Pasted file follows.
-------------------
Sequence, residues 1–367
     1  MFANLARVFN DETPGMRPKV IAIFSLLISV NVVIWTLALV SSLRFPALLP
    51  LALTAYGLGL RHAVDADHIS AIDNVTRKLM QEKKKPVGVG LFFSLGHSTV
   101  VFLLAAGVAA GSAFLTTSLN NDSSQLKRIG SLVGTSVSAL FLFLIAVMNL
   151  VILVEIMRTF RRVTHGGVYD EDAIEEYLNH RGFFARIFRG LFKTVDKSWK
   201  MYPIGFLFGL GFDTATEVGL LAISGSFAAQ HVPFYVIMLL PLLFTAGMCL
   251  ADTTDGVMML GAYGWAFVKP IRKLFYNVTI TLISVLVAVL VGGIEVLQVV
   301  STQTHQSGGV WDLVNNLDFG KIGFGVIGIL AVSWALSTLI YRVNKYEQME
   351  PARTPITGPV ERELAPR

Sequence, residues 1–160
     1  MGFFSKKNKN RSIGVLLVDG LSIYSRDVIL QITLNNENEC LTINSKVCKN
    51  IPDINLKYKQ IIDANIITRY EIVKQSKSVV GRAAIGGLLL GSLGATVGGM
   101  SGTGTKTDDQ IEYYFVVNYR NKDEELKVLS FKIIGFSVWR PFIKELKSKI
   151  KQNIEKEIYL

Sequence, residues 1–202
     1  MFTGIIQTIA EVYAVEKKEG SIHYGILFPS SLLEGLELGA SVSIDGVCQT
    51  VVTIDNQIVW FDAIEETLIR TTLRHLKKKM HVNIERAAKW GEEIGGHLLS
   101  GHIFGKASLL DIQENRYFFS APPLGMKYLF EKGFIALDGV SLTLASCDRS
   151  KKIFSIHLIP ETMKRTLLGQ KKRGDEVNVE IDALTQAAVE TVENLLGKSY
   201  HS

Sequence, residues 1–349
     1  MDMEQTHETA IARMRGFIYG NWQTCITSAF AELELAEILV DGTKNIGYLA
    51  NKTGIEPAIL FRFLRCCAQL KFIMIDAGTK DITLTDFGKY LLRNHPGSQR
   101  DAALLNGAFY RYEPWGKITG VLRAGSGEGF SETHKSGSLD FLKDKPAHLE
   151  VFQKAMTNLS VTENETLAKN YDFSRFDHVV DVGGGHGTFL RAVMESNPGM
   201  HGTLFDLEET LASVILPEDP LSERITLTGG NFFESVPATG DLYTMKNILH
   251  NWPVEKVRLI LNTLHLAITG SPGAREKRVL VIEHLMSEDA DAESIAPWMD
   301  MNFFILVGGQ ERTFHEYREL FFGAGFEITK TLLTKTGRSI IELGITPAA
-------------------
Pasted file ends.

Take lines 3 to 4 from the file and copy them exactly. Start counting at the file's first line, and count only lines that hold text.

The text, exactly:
    51  LALTAYGLGL RHAVDADHIS AIDNVTRKLM QEKKKPVGVG LFFSLGHSTV
   101  VFLLAAGVAA GSAFLTTSLN NDSSQLKRIG SLVGTSVSAL FLFLIAVMNL